A year after Murray handled 80 percent of the team’s running back carries and finished fourth in the league in total touches (307) -- but also averaged 2.2 yards per carry in the fourth quarter and 3.3 in games 9-16 -- his workload is likely to decrease.

The Raiders are rightly more confident in fifth-round rookie DeAndre Washington than in any of last year’s alternatives, which included two fullbacks (Marcel Reece and Jamize Olawale), a return specialist who played cornerback the year before (Taiwan Jones), and a back who has averaged 2.9 carries per game over the last four years and 2.3 yards per carry last season (Roy Helu, a candidate for release).

However, with Murray still the favorite to lead in touches a potential double-digit-win team that will likely see an increase in both rushing play volume and efficiency, he has the potential to eclipse, or at least meet, the mid-range RB2 value he’s being drafted as.

Barring injury, Murray should hold off Washington for the starting job all year, as just 1.1 running backs per year drafted in the fifth round or later have amassed even 100 touches in their rookie season over the last 10 years.

Washington is the shiny new toy, but don't sleep on Murray's big-play ability: he's probably not quite as fast as the 4.43 40-yard dash time from his Pro Day after fracturing his ankle in his rookie season, but he's still fast for a 223-pounder (coming out of college, he had a 96th-percentile weight-adjusted speed score). Only three running backs had more carries of 20-plus yards than Murray did in 2015.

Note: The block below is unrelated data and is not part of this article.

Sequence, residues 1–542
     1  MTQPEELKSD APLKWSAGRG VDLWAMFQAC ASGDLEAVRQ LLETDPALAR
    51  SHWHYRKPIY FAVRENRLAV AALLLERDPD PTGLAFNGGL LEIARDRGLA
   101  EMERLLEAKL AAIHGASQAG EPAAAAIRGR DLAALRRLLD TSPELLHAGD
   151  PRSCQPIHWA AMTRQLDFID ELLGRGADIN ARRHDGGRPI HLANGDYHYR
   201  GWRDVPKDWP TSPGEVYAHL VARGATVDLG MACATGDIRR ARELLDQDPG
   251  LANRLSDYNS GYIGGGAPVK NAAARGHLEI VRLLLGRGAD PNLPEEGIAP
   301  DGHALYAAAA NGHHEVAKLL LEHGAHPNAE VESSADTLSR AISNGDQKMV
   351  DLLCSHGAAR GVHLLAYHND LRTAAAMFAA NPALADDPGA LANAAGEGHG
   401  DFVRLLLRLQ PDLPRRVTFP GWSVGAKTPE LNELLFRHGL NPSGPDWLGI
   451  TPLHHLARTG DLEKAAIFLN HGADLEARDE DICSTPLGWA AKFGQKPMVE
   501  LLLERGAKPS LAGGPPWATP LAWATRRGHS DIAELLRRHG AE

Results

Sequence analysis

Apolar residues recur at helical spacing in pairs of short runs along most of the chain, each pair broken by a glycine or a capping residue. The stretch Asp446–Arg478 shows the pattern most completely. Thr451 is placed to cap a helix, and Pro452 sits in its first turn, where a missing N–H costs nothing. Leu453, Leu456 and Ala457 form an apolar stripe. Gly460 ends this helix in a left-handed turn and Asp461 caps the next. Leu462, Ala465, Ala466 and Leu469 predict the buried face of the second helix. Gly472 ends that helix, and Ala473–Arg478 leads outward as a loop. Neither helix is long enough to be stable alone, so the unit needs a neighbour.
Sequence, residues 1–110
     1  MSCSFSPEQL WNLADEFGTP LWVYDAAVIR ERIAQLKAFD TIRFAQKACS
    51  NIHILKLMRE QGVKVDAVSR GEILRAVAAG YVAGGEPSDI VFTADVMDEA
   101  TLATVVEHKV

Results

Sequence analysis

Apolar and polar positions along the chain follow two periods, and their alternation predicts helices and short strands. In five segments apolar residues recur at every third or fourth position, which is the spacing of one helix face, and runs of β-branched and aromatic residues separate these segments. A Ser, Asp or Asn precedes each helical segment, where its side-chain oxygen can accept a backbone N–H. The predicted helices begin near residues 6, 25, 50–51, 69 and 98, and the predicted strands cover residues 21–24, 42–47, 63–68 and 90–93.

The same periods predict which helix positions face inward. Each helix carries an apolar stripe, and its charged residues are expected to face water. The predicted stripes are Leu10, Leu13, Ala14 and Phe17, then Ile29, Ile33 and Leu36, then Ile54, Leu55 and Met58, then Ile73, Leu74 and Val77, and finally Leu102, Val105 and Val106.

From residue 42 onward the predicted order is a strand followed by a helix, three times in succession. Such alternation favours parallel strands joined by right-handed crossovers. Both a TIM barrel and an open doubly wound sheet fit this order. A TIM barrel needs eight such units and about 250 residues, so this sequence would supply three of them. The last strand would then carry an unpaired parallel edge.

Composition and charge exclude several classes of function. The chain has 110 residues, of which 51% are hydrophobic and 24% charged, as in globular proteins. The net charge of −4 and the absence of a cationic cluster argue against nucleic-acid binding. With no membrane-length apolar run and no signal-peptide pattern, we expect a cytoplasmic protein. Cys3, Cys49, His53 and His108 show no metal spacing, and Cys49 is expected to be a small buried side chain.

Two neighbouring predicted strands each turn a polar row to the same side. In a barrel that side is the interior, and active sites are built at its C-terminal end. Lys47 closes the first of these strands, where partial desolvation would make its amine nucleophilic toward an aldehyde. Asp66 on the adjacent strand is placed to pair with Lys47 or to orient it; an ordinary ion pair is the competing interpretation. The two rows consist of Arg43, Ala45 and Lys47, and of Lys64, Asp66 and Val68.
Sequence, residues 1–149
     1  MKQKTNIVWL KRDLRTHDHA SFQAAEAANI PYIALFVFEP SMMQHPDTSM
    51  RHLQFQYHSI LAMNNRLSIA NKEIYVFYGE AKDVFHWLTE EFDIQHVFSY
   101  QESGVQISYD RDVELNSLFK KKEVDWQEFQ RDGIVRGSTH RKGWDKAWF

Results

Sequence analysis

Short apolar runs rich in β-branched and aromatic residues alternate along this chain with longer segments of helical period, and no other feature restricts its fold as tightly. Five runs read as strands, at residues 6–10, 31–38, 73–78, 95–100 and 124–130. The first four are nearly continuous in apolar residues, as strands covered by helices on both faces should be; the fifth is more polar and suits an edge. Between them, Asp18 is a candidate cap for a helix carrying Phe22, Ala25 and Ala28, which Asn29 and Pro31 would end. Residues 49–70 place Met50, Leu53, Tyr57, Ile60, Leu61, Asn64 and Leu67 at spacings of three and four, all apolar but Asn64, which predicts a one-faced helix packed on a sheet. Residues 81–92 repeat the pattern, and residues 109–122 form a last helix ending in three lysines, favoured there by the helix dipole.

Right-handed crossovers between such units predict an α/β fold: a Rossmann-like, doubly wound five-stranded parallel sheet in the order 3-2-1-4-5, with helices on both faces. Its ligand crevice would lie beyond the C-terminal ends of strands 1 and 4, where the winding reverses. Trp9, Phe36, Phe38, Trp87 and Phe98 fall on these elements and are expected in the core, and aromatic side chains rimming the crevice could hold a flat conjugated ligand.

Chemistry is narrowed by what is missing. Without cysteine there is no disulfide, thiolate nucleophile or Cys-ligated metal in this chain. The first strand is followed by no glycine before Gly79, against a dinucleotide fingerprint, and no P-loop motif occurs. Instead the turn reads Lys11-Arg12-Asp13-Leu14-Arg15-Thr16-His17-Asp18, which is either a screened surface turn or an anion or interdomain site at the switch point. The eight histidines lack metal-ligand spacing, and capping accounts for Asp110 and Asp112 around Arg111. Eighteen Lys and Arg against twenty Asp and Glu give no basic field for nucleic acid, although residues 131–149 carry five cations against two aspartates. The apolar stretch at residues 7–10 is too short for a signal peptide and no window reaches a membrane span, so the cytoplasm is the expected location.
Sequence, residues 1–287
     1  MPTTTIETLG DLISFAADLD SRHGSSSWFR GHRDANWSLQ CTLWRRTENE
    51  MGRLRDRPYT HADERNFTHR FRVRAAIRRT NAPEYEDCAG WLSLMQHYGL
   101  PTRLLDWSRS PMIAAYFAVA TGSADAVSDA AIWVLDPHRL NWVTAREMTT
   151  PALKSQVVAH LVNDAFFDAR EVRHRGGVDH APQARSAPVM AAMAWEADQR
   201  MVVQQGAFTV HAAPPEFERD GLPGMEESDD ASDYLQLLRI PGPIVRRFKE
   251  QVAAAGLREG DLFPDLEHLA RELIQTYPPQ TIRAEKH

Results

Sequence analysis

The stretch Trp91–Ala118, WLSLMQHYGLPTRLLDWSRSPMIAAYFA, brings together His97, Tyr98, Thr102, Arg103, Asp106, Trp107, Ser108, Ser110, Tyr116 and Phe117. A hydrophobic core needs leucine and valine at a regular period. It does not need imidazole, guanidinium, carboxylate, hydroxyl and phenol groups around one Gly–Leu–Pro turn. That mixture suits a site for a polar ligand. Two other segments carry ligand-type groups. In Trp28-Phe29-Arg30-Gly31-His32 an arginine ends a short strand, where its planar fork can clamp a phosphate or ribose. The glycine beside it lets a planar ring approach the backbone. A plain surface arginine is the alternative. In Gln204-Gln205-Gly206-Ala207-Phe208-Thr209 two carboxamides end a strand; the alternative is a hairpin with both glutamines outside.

Washington isn't a size/speed freak like Murray, but does possess an 82nd-percentile SPARQ score. With the Raiders talking Washington up as a complete back, he’d likely push for RB1 numbers if Murray went down, given what looks to be a very advantageous situation. Washington mixed in with the first-team at June minicamp. 

Washington is currently going undrafted in redraft leagues, and makes for an underrated, essentially free handcuff/insurance policy on Murray, which in turn makes it a lot easier to pull the trigger on Murray at his fourth- or fifth-round ADP. It’s also notable that Washington can be had 1-3 rounds later than some of the other top handcuffs in best ball leagues. 


How to Approach the Raiders Backfield in Fantasy Drafts in 2016


In redraft leagues, I’m now open to the idea of targeting Murray and using a late pick on Washington as insurance in spots where I'd previously based my strategy around drafting running backs in the first few rounds to combat the shakiness of the position as the draft wears on. With wide receivers accounting for 67 and 92 percent of top-12 non-quarterback fantasy scores in standard and PPR leagues, respectively, in 2015, I lean toward the belief that Zero RB is currently the most optimal draft strategy. I want to allow myself the option of using early-round picks on stud wide receivers as much as possible.


Best Ball

With a relatively soft schedule (where a Week 17 matchup against the Broncos' stout run defense will be fantasy-irrelevant), and running behind what is likely to be one of the league's top offensive lines, the odds are favorable that Murray will turn in enough RB1 weeks to justify his current early fifth-round ADP in best ball leagues. 

That said, Washington has arguably even more value at his current 13th-round ADP.

Drafters looking to round out their running back corps with a backup who could push for RB1 numbers if the starter went down can consider Washington a later-round alternative to DeAngelo Williams, Tevin Coleman, and Jerick McKinnon. Given Washington's pass-catching prowess (he had 124 receptions in his four-year college career), he may also offer standalone value -- similar to Charles Sims in Tampa Bay -- even if Murray stays healthy.


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Filed Under: Preseason, 2016